# [PD] finite precision in basic math?

Claude Heiland-Allen claude at mathr.co.uk
Mon Jan 7 13:43:30 CET 2019

```Hi Peter,

On 07/01/2019 12:24, Peter P. wrote:
> Hi,
>
> when I send the numer 0.7 to both inlets of a [* ] object (yes, in
> correct order) the result is printed as 0.49
> If I now subtract [- 0.49] the result is -2.98023e-08
> While this is no major concern for me right now, I am still wondering
> which step in this simple calculation is triggering this. If I remember
> my CS lecture correctly it is the subtraction, right?

it's all the steps!

0.7 = 7/10 is not exactly representable in binary floating point, so you
actually get a nearby fraction with a power of 2 as the denominator:
11744051/16777216 = 0.699999988079071044921875
0.49 = 49/100 is also not exactly representable in binary floating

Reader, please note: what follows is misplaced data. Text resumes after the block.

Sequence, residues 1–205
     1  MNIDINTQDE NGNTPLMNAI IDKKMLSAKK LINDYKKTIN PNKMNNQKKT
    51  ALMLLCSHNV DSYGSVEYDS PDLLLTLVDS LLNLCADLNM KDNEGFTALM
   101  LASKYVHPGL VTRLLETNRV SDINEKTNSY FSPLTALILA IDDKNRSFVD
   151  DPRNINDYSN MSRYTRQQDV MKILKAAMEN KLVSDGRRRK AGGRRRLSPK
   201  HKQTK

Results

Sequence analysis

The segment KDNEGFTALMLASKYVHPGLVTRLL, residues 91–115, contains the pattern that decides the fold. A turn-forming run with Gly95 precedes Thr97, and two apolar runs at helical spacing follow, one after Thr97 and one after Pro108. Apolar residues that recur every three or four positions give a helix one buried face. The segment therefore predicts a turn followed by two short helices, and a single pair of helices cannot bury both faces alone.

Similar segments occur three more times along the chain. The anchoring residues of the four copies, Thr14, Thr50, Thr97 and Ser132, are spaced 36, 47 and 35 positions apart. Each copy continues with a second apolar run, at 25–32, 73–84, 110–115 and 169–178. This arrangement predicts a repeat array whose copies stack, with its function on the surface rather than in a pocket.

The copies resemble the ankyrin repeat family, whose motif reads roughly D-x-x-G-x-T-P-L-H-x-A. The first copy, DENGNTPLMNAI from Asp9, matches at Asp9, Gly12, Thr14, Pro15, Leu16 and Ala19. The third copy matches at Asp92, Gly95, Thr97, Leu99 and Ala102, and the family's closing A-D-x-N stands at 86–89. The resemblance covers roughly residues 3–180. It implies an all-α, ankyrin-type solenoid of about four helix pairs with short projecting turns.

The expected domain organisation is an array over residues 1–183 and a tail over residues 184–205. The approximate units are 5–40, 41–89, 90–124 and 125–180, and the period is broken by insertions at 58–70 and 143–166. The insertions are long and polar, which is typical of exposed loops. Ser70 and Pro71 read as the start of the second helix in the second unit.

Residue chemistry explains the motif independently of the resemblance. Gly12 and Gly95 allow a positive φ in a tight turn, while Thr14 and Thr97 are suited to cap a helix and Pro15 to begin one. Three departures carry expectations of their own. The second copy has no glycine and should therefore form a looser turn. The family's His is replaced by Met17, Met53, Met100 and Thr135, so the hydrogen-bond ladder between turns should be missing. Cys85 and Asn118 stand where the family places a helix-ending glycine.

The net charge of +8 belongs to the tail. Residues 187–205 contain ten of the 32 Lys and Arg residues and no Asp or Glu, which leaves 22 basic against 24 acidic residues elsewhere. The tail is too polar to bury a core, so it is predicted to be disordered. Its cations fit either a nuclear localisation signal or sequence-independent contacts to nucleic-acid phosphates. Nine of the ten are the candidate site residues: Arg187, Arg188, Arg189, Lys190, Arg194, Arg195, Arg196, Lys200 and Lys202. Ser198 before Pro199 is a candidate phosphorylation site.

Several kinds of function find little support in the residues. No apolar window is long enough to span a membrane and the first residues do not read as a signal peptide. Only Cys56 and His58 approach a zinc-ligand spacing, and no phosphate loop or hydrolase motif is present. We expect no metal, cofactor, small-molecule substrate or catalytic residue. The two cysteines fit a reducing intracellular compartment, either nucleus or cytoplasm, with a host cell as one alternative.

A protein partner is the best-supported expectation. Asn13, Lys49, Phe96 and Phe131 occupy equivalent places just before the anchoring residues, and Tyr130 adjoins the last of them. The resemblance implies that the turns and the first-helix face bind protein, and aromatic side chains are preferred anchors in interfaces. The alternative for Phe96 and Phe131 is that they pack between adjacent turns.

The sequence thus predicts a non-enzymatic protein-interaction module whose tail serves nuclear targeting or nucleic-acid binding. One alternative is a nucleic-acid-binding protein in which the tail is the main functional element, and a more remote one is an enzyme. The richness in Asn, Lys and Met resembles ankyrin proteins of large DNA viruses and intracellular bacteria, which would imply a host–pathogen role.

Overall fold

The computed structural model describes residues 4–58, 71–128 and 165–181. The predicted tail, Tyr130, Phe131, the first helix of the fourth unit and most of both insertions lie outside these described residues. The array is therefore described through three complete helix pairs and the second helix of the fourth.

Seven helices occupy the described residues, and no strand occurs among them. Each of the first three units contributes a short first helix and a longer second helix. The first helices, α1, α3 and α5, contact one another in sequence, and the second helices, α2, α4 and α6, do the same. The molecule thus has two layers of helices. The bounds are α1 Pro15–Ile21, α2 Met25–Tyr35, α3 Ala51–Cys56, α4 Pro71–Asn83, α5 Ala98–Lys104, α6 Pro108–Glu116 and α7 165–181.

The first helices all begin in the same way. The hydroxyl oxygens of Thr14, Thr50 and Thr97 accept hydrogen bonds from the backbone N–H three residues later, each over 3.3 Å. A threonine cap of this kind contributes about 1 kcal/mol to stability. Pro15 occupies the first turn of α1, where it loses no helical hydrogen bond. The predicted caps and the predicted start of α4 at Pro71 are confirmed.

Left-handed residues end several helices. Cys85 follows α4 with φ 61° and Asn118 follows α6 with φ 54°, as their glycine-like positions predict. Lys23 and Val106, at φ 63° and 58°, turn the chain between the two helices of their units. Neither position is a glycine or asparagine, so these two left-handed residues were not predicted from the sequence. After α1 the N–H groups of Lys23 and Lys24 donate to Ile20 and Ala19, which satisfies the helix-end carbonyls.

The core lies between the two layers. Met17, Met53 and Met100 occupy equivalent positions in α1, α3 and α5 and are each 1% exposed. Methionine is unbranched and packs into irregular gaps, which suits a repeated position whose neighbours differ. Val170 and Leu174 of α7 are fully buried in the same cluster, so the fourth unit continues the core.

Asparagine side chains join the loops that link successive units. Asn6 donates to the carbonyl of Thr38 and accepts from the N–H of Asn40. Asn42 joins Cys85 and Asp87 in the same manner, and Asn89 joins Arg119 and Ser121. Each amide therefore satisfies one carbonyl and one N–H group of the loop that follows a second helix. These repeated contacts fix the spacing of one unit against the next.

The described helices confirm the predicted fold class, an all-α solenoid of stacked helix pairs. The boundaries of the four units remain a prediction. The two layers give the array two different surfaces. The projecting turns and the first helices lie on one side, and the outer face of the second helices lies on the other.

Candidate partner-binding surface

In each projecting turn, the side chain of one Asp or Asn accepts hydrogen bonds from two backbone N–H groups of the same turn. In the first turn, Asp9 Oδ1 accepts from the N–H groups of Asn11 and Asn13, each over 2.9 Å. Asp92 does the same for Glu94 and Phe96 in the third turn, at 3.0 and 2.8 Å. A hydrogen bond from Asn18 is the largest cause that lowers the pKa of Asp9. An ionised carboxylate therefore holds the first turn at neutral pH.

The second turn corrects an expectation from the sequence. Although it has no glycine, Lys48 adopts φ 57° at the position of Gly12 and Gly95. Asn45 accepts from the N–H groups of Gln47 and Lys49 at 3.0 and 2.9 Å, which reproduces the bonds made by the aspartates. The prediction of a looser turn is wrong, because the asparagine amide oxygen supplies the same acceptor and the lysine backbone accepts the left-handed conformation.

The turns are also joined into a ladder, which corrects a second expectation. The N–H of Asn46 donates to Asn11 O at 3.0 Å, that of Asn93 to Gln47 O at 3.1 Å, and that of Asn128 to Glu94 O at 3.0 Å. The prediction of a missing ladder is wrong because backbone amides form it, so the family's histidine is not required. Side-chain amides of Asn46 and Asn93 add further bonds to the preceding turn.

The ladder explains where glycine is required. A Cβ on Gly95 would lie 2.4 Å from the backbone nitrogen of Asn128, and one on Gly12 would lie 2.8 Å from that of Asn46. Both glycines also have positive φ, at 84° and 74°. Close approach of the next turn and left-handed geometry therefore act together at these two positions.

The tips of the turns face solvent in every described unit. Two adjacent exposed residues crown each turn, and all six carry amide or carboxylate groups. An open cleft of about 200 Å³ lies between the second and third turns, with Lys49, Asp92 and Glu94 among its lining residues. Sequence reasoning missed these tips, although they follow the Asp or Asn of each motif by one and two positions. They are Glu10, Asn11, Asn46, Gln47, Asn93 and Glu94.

point, so you actually get:  2055209/4194304 = 0.4900000095367431640625
when you multiply two floating point numbers, the result is rounded to
fit the available precision (for single precision float, that is
24bits): you get 16441671/33554432 = 0.4899999797344207763671875

subtracting the last two numbers (which is again rounded) reveals the
behaviour of floating point that is hidden by Pd only printing 6 digits
at most:

0.7*0.7-0.49 computed as float = -1/33554432 = -2.98023223876953125e-8

other environments print more digits, which shows the behaviour sooner:

ghci>  (0.7 * 0.7::Float)
0.48999998

Claude
--
https://mathr.co.uk

```